GRAND RAPIDS, Mich. —

The extreme cold, snow and ice that swallowed the Midwest from Jan. 28-31 also took a bite out of local small businesses’ bottom lines.

The Grand Rapids Chamber of Commerce was flooded with feedback the last week of January from restaurants, breweries, coffee shops and retailers that had to close during Winter Storm Jayden for employee and customer safety. The region saw its coldest temperatures in 25 years, along with sheets of ice coating as much as a foot of snow.

Oscar Moreno is executive chef of MeXo, at 118 E. Fulton St. in downtown Grand Rapids. He said his restaurant closed Monday through Thursday the week of the storm because of the “messy” downtown streets and dangerous conditions.

Some employees went unpaid, while others who were eligible for paid time off used it to cover the missed days.

“It was for their own safety. We didn’t want anybody driving in those conditions,” Moreno said. “Safety for our employees is a lot more important than anything else.”

He said closing for days during his restaurant’s peak season — winter — was a setback. The storm forecast helped him plan for inventory reductions, including using supplies that were on hand instead of bringing new product in, but business didn’t pick up again until Saturday.

Paola Mendivil is catering coordinator at El Granjero Mexican Grill, 950 Bridge St. NW in Grand Rapids. She said in the restaurant’s 12 years in business, it has only ever closed on Thanksgiving, Christmas and Easter — until Winter Storm Jayden, when it closed for three days in a row.

The closure resulted in a 50 percent revenue loss for the week, and employees weren’t paid for the missed hours.

“As a business, we will take more seriously the warnings next time because we thought it was just going to be a regular snowstorm, and we didn’t think that we would be closing that long,” she said.

“We could have prepared more with our employees. … Knowing that that was coming, we could have had them put in more hours the week before or not take a day off to make sure they have at least a decent paycheck for this specific timeline. I don’t think we as a business paid attention to it as we should have. After this, we need to implement or come up with a strategy (for) future years.”

Mendivil said being caught unaware by the storm meant “a lot” of El Granjero’s food spoiled during the closure. Once the managers realized the severity of the storm, they started sending employees home with food such as milk and eggs, which meant less waste and the employees could “be home safe with some food, at least for a couple of days,” she said.

After the storm, the restaurant helped employees make up for their hours by letting them stay later or cover for other workers who live in Kalamazoo and Muskegon and still couldn’t get to Grand Rapids.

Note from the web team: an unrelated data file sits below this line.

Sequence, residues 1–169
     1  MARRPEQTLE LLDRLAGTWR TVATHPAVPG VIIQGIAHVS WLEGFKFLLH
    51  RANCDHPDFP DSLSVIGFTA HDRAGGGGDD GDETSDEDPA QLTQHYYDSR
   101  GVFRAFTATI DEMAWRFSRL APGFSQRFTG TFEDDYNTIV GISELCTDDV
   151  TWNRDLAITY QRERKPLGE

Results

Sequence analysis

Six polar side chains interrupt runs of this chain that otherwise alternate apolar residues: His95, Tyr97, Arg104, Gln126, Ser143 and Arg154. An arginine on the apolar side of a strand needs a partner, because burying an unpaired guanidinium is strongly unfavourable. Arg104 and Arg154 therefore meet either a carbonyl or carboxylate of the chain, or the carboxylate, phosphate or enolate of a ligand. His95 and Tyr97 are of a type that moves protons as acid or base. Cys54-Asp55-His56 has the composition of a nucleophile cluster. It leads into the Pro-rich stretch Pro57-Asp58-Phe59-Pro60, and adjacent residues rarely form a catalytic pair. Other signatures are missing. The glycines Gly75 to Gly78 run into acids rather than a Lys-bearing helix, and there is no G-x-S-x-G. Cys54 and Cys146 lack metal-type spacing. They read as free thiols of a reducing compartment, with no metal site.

El Granjero was able to reschedule its catering events that were set to occur Wednesday during the vortex.

The Plant Parlor is a nursery and garden center at 1059 Wealthy St. SE in Grand Rapids. Owner Danny Parker and shopkeeper Quinn Burke closed it down early that Tuesday and remained closed Wednesday and Thursday — for a reason that people might not think about: It was too cold for plants to leave the facility. The business kept customers informed via a series of Facebook posts sprinkled with plant memes.

When The Plant Parlor finally reopened that Friday, temperatures still were dangerously low, but Parker and Burke told customers they would wrap the plants carefully and load them directly into vehicles curbside to prevent frostbite.

Popcorn Creations, at 4763 Wilson Ave. SW, Suite D, in Grandville, also closed during the polar vortex Tuesday through Thursday — and lost product as well as sales.

Owner Melissa Rincones said it was “just horrible” in Grandville, which is farther west than Grand Rapids and receives additional lake-effect snow.

“I don’t know anybody that would be looking to risk their lives to get popcorn,” she said, adding she didn’t want to endanger her employees’ lives or her own.

Rincones used social media to let customers know when the store reopened, and she also reached out to business customers one by one via email, letting them know they could come back and get popcorn for their events.

Despite the drop in business that week, Rincones said it could have been worse.

“It’s hard to complain about the business part of it when I know people had family members and loved ones in accidents and things like that,” she said.

For the whole story, grab a copy of the Grand Rapids Business Journal. 

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